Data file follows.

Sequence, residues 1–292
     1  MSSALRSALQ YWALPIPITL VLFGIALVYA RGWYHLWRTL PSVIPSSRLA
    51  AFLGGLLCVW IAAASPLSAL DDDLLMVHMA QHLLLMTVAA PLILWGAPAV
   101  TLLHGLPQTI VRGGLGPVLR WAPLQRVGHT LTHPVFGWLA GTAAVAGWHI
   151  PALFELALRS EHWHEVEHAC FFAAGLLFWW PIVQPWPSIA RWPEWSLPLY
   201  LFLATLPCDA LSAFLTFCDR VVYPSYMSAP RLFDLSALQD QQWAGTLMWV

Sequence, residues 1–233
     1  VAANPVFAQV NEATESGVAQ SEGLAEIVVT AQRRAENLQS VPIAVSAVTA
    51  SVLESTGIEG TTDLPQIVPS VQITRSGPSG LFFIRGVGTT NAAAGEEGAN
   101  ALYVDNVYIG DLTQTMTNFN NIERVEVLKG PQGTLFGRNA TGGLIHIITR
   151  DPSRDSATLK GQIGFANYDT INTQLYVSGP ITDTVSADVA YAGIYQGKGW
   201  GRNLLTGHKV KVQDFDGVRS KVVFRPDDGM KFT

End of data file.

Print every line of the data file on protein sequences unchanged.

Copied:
Sequence, residues 1–292
     1  MSSALRSALQ YWALPIPITL VLFGIALVYA RGWYHLWRTL PSVIPSSRLA
    51  AFLGGLLCVW IAAASPLSAL DDDLLMVHMA QHLLLMTVAA PLILWGAPAV
   101  TLLHGLPQTI VRGGLGPVLR WAPLQRVGHT LTHPVFGWLA GTAAVAGWHI
   151  PALFELALRS EHWHEVEHAC FFAAGLLFWW PIVQPWPSIA RWPEWSLPLY
   201  LFLATLPCDA LSAFLTFCDR VVYPSYMSAP RLFDLSALQD QQWAGTLMWV

Sequence, residues 1–233
     1  VAANPVFAQV NEATESGVAQ SEGLAEIVVT AQRRAENLQS VPIAVSAVTA
    51  SVLESTGIEG TTDLPQIVPS VQITRSGPSG LFFIRGVGTT NAAAGEEGAN
   101  ALYVDNVYIG DLTQTMTNFN NIERVEVLKG PQGTLFGRNA TGGLIHIITR
   151  DPSRDSATLK GQIGFANYDT INTQLYVSGP ITDTVSADVA YAGIYQGKGW
   201  GRNLLTGHKV KVQDFDGVRS KVVFRPDDGM KFT